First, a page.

The first shot missed him and went into the old plaster wall. The gun had not been oiled in forever and her aim was not great, in spite of the large target. He continued to laugh at her. He was so sure she was more frightened than angry that he didn’t even bother to move. When the second bullet tore into his right side, he looked genuinely surprised. Patty was shaking like a leaf but chuckled in spite of herself. “Crazy prick, that’ll show you.” she muttered.
Scar man took a couple of wobbly steps while paling, started to say something unintelligible and crashed to the floor. It felt to Patty like the entire house shook, but she was thrilled to see him unconscious. His breathing was loud and his chest movement was wrong, but she didn’t care. She jumped over him and into the kitchen, where she looked for her phone.
Before Patty could call anyone, the sound of distant sirens reached her. She had been so intent on her struggle that she forgot how quiet the neighborhood surely was thanks to the cold. She threw cold water on her face. The adrenaline rush make all her discomforts fade and she found herself looking down to be sure her clothes were on straight before the police arrived. There was a knock at the back door.
Her neighbor Rick came crashing through the door before she could answer. He was middle-aged with a paunch, always pleasant if a little creepy. Patty could count on Rick to bring the dogs home if they got out or accept a package delivery if she would not be around. He had this way of noticing her a little more often than she liked, but he seemed harmless.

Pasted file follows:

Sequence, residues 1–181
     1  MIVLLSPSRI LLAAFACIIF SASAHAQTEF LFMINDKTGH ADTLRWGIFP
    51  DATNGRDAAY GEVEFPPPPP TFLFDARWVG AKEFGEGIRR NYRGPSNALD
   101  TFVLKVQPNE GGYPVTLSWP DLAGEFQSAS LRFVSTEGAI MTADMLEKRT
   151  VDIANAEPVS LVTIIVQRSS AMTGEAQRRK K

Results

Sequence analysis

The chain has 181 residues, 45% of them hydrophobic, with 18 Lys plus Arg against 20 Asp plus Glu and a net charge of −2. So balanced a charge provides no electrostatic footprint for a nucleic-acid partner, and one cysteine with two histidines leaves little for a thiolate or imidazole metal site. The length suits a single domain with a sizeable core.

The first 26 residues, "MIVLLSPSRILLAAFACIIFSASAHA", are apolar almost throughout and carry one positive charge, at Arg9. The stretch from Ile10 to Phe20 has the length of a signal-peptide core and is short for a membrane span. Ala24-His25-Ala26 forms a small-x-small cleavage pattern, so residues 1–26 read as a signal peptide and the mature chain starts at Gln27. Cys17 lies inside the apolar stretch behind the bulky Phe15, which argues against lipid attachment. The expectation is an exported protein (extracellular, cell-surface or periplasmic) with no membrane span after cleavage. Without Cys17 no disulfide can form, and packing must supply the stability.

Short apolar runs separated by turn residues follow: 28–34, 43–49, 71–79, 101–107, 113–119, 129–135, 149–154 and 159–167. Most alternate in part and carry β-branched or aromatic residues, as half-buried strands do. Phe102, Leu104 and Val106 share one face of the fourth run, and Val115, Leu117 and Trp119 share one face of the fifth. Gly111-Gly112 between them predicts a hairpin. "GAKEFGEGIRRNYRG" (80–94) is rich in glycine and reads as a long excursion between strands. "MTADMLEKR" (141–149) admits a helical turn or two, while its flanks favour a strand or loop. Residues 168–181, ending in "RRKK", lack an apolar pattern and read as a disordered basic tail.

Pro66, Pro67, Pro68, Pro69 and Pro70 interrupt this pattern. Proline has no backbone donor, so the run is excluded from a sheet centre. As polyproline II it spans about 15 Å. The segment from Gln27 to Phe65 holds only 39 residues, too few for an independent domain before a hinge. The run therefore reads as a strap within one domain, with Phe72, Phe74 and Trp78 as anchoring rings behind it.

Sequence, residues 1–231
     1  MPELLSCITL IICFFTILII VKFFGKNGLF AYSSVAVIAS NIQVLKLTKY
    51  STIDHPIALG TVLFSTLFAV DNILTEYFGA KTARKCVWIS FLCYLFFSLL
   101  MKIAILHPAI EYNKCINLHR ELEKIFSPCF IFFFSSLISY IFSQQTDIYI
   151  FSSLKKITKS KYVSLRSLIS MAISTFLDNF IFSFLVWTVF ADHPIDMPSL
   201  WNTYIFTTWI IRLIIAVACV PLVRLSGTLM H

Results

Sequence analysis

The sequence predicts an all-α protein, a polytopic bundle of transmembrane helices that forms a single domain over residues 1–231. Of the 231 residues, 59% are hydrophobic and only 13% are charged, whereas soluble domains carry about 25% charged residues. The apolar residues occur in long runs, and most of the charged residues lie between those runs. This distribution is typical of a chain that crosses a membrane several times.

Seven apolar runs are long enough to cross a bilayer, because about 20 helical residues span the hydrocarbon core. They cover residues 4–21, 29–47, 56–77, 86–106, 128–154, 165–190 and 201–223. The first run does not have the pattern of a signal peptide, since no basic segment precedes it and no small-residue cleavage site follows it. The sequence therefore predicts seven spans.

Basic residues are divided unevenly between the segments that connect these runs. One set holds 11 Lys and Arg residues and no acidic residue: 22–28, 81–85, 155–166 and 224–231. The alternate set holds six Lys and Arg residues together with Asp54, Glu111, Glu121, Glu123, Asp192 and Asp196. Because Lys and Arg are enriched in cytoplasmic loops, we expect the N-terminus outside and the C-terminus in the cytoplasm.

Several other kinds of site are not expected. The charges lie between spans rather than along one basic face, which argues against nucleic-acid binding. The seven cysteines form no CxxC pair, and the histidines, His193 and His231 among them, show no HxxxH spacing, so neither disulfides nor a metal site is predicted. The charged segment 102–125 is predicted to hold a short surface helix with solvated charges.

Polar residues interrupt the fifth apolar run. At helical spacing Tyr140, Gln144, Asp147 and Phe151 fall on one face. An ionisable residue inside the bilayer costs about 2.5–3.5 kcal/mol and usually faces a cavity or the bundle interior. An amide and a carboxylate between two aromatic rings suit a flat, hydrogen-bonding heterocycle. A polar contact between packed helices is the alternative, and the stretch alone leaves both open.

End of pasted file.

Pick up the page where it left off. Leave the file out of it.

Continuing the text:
“What the hell, Patty? I heard gunshots!”
“I can’t believe you came in, Rick. You could have gotten yourself killed.” Patty still had the gun in her shaking hand, and she started to sit down but her captor’s breathing suddenly got louder, reminding her that he was in the next room. “Some crazy man attacked me.” Her voice was tremulous, as the enormity of what she had been through started to seep into her consciousness.
“Holy shit. I can see that. Are you okay? You look awful. Are you in pain? What can I do? Is he still here?” Rick was panicky and fired off all his questions in rapid succession.
“I think I’m okay. I mean, I don’t really know, but I’m standing and he isn’t so I guess so. I shot the guy.”
“Holy shit. Holy shit.” Rick couldn’t wrap his head around the situation. “Patty, maybe you should put the gun down before you drop it.”
She hadn’t realized the gun was still in her hand. Rick helped her set it on the table because she couldn’t let go of it on her own. She had gripped it so tight her fingers were stuck. As she turned to go look at the man on her floor, the front door blasted open with a bang and shouting officers swarmed Patty’s little living area. She nearly leaped into Rick’s arms at the commotion.
Rick gently touched Patty’s elbow and led her to the doorway. Scar man was still on the floor a few feet away but paramedics were working on him. Police shouted at them to get their hands in the air. While they put their hands up, Rick told the police that the gun was on the kitchen table.